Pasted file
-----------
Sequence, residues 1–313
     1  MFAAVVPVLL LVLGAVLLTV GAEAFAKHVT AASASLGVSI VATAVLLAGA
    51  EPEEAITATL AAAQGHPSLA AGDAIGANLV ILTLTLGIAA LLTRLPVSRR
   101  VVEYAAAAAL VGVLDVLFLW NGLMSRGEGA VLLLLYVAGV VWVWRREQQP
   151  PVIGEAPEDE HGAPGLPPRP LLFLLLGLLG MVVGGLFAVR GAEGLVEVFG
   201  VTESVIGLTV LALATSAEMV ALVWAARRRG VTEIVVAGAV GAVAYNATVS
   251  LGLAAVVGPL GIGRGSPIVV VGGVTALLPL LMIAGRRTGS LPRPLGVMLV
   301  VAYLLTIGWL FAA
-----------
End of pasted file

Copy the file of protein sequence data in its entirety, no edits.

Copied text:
Sequence, residues 1–313
     1  MFAAVVPVLL LVLGAVLLTV GAEAFAKHVT AASASLGVSI VATAVLLAGA
    51  EPEEAITATL AAAQGHPSLA AGDAIGANLV ILTLTLGIAA LLTRLPVSRR
   101  VVEYAAAAAL VGVLDVLFLW NGLMSRGEGA VLLLLYVAGV VWVWRREQQP
   151  PVIGEAPEDE HGAPGLPPRP LLFLLLGLLG MVVGGLFAVR GAEGLVEVFG
   201  VTESVIGLTV LALATSAEMV ALVWAARRRG VTEIVVAGAV GAVAYNATVS
   251  LGLAAVVGPL GIGRGSPIVV VGGVTALLPL LMIAGRRTGS LPRPLGVMLV
   301  VAYLLTIGWL FAA